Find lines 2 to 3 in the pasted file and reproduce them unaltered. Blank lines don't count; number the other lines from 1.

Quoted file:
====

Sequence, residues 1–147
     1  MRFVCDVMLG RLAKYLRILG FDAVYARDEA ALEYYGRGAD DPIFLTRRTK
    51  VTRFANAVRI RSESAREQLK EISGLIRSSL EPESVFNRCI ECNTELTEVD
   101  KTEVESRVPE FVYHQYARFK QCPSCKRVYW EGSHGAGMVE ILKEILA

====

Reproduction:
     1  MRFVCDVMLG RLAKYLRILG FDAVYARDEA ALEYYGRGAD DPIFLTRRTK
    51  VTRFANAVRI RSESAREQLK EISGLIRSSL EPESVFNRCI ECNTELTEVD